Referrals can also be a great way to find a mentor. Solanas draws this analogy to sales: “The easiest way to get a sale is a referral as opposed to cold calling; mentorship is no different.”
However, when contacting a reference it’s important to follow best practices and demonstrate that you’re worth the time. Before contacting a potential mentor, do research, understand your goals, and develop a game plan.
Wagner compares mentorship to sales prospecting. “If this is a person who is on your list to speak with, you’ve got to put that same sales prospecting brain on. Think about why I would stimulate their interest enough so they would actually time spend time with me. Their time is valuable.”
4. Talk to your mentors about long-term goals.
Mentors are great for talking through immediate questions about dilemmas in the workplace. But the greatest value of mentorship lies in how mentors can help you achieve long-term goals. In order to develop professionally, be honest about what you want to achieve in your career.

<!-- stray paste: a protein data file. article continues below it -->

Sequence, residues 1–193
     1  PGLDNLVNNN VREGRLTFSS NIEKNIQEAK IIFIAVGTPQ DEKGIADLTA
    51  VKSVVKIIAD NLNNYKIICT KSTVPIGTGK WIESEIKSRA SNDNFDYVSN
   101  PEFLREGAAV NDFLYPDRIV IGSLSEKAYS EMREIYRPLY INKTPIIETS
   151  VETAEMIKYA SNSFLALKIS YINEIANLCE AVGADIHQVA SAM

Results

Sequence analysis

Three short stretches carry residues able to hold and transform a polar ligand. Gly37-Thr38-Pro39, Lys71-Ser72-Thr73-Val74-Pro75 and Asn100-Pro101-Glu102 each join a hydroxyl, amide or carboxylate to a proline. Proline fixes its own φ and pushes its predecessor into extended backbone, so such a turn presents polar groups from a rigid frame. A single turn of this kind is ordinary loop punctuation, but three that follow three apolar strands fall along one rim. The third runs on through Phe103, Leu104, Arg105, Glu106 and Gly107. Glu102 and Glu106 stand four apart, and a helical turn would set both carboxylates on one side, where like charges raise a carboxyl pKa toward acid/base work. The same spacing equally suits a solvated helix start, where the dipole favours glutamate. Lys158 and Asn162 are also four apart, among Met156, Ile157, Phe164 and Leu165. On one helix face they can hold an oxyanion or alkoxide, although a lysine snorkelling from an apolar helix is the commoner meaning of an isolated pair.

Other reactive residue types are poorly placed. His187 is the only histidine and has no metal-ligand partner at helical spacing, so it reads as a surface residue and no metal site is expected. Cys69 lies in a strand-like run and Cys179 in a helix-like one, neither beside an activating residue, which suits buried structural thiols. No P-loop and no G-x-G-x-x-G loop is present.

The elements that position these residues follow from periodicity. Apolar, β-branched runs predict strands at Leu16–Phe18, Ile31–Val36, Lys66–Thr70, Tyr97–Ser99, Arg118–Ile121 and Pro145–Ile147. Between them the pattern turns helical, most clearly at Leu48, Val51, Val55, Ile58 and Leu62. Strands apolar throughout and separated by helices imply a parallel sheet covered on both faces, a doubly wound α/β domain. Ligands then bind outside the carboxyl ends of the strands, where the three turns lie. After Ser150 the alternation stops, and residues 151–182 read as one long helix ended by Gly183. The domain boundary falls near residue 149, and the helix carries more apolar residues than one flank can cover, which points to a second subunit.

This is particularly critical for mentors within your company. When an opportunity arises that fits your aspirations, your mentor can help you to advance—assuming that your performance warrants a promotion. Talking to mentors about their own career paths can also help you to clarify your own goals and determine the steps you need to take to achieve them.
5. Make yourself worthy of mentorship by performing as an outstanding team player.
When seeking mentorship, it’s critical to remember that you are asking someone else to devote extra time and energy to you. In order to show that you deserve mentorship, it’s critical to become a standout contributor within your own workplace.